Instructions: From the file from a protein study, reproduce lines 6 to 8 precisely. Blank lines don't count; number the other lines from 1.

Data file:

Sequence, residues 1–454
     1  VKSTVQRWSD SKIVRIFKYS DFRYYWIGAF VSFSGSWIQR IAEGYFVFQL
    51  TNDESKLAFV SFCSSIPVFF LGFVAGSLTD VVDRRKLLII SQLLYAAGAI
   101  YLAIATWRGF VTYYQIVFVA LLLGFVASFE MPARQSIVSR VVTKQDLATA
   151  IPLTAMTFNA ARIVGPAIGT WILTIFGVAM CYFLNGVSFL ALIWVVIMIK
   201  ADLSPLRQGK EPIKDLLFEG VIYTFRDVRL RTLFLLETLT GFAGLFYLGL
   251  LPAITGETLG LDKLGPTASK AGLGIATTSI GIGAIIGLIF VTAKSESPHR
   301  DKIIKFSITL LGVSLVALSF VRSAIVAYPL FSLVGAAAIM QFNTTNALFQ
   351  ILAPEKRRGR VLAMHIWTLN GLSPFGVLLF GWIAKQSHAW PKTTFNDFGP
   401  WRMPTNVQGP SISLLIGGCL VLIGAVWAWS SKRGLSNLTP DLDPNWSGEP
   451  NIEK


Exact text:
   201  ADLSPLRQGK EPIKDLLFEG VIYTFRDVRL RTLFLLETLT GFAGLFYLGL
   251  LPAITGETLG LDKLGPTASK AGLGIATTSI GIGAIIGLIF VTAKSESPHR
   301  DKIIKFSITL LGVSLVALSF VRSAIVAYPL FSLVGAAAIM QFNTTNALFQ